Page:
The mean mass ratio of OC/EC during the EDs was 4.2 ± 1.0 and significantly higher than that (2.4 ± 0.4) during the NDs at site A. The OC/EC ratios during the EDs approached 3.1–5.7 for firecracker burning observed by Feng et al. (2016), but much lower than 7.3 for wood burning (Choosong et al., 2010), suggesting that the firecracker burning as the primary PM2.5 source had played an essential role in the form of organic carbon during the Lantern Festival. The OC/EC ratio of 3.2 ± 0.2 during the EDs was also higher than that (2.3 ± 0.1) during the NDs at site B. It shows that the concentrations of OC and EC increased significantly, particularly for OC which increased much higher than that of EC. It was probably that the burning of organic matter in firecracker such as phenolic resin, polyvinyl alcohol, polyoxyethylene would release a large amount of OC to the atmosphere through the explosion. The OC/EC ratio (2.7 ± 0.3) at site C during the EDs was much lower than those at sites A and B, which could be attributed to that site C was far away from the burning site.

It is noteworthy that the OC/EC ratio at site A was much higher than that at site B, indicating that the carbonaceous species in PM2.5 at site A was not only influenced by PM2.5 released from firecrackers burning, but also by PM2.5 with higher ratio of OC/EC emitted from other anthropogenic activities. It is known that the OC/EC ratio of PM2.5 released from various cooking activities such as meat roasting, cafeteria frying, and snack-street boiling, ranged from 8.8 to 55 since a large number of OC are released through oxidation, decarboxylation, and cyclization reactions from the raw oil and meat components (Li et al., 2014). Compared to site B, the OC/EC ratios of PM2.5 at site A increased dramatically due to potential proliferated cooking activities during the EDs.

Analysis of Backward Trajectory

The analysis of backward trajectory is illustrated in Figs. S2(a)–2(d). It showed that on February 21st the air mass originating from Shandong Peninsula of mainland China successively passed through the Yellow Sea, the East China Sea, and the east coast of Taiwan Island before arriving at Taitung City. On February 22nd, the long-range transported air mass mainly came from the Yellow Sea and passed through the East China Sea before entering Taitung City, while a small amount of air mass originating from the north of Philippines, passed through the Bashi Channel and the Taiwan Strait, and landed at the north of Taiwan Island before entering Taitung City (see Fig. S2(b)). Since the air mass entering Hualien City, bounded on the north of Taitung City, originated from the same area and had the similar transport path as that entering Taitung City on February 22nd ((see Fig. S2(c)), the mean PM2.5 concentration of Hualien City was 17.3 ± 4.2 µg m–3 for comparison, indicating that no episode occurred in Hualien City, and thus the air mass transported from the same area as that of Hualien City contributed little to the PM2.5 pollution of Taitung City on February 22nd as well.

On February 23rd, the air mass originating from the Yellow Sea landed in the northern part of Taiwan through the East China Sea, and successively passed through Ilan, Hualien cities along the east side of the Central Range, and finally reached Taitung City (see Fig. S2(d)). Thus, the air mass might carry upwind PM2.5 from the north to Taitung City. The daily mean PM2.5 concentration of Hualien was 11.7 ± 3.7 µg m–3 on February 23rd, suggesting that no PM2.5 episode occurred in the upwind of Taitung City. Therefore, the outside air mass had little influence on the PM2.5 episode of Taitung City on February 23rd. On February 24th, the air masses mainly originated from the west coast of the Korean Peninsula, which had also little impact on the concentration of PM2.5 in Taitung as well, since it passed through the Yellow Sea and the East China Sea before entering Taitung City (see Fig. S2(e)). Therefore, the PM2.5 episode was mainly dominated by local sources in Taitung City instead of the air masses from outside region.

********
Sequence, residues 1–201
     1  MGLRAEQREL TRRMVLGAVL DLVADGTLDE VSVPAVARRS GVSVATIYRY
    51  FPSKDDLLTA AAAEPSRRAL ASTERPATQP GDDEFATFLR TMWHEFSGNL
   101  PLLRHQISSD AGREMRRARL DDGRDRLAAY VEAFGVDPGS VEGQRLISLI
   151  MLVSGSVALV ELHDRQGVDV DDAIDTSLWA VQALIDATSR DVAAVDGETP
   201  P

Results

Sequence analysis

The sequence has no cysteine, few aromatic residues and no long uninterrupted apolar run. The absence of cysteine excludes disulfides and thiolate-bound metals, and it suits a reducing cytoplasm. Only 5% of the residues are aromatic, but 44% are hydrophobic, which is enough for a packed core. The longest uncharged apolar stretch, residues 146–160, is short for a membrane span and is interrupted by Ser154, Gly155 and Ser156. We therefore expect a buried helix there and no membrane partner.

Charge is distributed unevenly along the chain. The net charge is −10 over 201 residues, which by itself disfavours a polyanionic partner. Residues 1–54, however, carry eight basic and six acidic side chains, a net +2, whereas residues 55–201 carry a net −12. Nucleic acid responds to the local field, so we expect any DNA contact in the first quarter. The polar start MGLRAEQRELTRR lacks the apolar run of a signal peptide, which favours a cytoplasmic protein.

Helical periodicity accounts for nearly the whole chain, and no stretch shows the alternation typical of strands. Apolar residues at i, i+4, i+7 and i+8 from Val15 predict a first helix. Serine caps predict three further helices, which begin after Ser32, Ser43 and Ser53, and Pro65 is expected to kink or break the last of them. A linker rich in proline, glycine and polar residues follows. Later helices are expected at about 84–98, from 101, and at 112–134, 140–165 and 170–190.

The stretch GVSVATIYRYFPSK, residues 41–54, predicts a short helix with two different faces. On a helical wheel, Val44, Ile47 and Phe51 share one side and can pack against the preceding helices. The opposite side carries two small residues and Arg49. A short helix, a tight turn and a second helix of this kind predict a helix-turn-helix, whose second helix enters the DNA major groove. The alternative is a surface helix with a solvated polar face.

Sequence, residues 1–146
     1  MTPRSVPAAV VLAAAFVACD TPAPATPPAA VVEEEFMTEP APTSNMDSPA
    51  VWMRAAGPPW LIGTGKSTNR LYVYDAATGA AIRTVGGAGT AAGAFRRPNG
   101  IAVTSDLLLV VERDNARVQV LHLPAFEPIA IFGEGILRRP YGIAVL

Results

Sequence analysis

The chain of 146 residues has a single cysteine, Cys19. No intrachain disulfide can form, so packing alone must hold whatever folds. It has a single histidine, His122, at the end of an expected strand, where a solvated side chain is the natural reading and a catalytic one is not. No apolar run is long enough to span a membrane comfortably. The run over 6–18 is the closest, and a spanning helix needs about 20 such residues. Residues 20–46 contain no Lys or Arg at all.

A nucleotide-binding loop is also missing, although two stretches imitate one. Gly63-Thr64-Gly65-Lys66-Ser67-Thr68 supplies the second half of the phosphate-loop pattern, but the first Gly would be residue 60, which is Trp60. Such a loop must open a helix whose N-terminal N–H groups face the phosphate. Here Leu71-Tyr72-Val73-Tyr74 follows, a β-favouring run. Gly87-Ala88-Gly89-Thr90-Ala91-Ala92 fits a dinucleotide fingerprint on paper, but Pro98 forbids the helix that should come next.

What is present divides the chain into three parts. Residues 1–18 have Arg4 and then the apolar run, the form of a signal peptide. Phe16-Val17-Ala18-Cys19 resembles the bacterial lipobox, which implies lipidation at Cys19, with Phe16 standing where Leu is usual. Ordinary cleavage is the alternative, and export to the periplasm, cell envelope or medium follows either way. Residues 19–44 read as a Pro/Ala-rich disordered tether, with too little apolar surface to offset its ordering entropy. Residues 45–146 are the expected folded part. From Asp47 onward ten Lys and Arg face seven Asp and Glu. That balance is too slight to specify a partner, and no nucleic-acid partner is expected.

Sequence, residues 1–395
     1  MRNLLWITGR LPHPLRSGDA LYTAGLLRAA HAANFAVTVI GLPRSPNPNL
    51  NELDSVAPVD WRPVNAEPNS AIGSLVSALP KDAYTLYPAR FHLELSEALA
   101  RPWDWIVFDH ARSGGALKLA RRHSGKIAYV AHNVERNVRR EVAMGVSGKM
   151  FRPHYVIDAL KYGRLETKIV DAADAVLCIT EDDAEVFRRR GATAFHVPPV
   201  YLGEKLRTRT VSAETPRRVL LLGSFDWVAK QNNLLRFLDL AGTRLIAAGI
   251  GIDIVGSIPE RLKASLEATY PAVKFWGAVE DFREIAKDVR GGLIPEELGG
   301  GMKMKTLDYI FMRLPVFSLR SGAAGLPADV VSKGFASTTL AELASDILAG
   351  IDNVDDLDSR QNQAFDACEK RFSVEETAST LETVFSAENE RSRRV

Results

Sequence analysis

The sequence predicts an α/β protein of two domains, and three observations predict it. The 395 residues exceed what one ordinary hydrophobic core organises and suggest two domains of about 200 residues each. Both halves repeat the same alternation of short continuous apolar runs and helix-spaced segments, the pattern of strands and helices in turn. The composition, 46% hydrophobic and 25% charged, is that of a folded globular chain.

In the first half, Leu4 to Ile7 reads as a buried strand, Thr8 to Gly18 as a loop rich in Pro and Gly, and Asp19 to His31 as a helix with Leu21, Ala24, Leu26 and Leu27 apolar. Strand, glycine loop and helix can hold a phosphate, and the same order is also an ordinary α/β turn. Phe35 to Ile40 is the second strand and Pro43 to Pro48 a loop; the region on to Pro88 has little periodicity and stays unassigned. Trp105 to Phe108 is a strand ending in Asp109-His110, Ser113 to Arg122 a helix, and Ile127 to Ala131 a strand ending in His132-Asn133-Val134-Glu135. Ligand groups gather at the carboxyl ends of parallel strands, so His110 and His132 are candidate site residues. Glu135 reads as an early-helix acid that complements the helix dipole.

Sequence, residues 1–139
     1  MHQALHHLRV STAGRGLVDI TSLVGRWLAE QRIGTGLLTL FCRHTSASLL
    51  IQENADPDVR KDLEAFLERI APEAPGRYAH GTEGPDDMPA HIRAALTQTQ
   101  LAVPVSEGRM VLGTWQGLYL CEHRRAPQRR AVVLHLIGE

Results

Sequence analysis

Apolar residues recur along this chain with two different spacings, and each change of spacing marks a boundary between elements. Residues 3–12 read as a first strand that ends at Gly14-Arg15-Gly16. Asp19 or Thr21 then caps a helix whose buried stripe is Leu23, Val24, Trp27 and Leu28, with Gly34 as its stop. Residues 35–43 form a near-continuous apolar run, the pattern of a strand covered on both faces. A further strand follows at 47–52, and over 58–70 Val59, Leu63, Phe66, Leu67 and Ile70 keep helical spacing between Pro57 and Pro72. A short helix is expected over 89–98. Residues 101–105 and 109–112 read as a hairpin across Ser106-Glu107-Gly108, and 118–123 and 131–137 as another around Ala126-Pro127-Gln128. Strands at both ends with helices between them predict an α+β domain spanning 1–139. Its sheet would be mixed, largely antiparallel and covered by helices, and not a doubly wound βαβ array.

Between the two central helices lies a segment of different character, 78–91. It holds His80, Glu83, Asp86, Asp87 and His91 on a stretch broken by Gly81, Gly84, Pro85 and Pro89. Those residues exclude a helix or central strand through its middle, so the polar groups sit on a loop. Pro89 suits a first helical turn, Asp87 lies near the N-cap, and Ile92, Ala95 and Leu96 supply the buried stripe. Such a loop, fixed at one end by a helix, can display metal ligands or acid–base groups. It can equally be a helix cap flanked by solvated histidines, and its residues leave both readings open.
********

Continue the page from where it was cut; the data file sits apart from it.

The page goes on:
PMF Analysis

The PMF results of PM2.5 source apportionment during the NDs showed that the emission sources of PM2.5 included four main categories as shown in Fig. 6(a) and Table S1. In the Category I, Zn, EC, and OC had the highest loading, while Fe and Ca had moderately higher loading. Zinc is widely reported to be released by the wear of tires as mentioned, while EC and OC are primarily emitted by diesel and gasoline engine exhausts (Watson et al., 2001; Cheng et al., 2015; Corbin et al., 2018; Li et al., 2018). Metallic elements such as Fe, Ca, Mn, Cd, and Cu could be released from the combustion of heavy oil (Li et al., 2013b). Additionally, Fe and Ca could also be emitted by brake wear (Li et al., 2013b). Thus, such a source profile was mainly attributed to the vehicular exhausts, and the determined mass of PM2.5 was 3.2 µg m–3, accounting for approximately 28.3% of the total mass of 11.3 µg m–3 analyzed by PMF. In Category II, the mean concentration of chemical species was 3.1 µg m–3, accounting for 27.4% of the total mass. Ni, SO42–, Mg2+, Na+, Cl, and NO3 were the dominant chemical species in Category II. In addition to Ni, which is mainly released by local coal-burning boilers as mentioned, V is also a metallic indicator of coal burning. SO42– and Mg2+ are the essential chemical composition of coal-burning boilers as well (Sharp et al., 2013; Pei et al., 2016). Thus, the sources of these chemical species were attributed to coal-burning boilers. In Category III, the highest loading was identified as NO3, SO42–, Ca2+, and K+, and followed by NH4+, Mg, Ti, and Al, which were characterized as road dusts (Li et al., 2012; Liu et al., 2019). The mean concentration (2.6 µg m–3) of PM2.5 from the road dusts accounted for 23.0% of the total mass of PM2.5. The chemical species with a total mass concentration of 2.4 µg m–3 in Category IV accounted for 21.2% of the total mass of PM2.5. Mg2+, Ca2+, and OC had the highest loading among these species, while Na+, Cl, K+, and EC had higher loading. The composition highly matched the chemical feature of kitchen fumes (Li et al., 2015).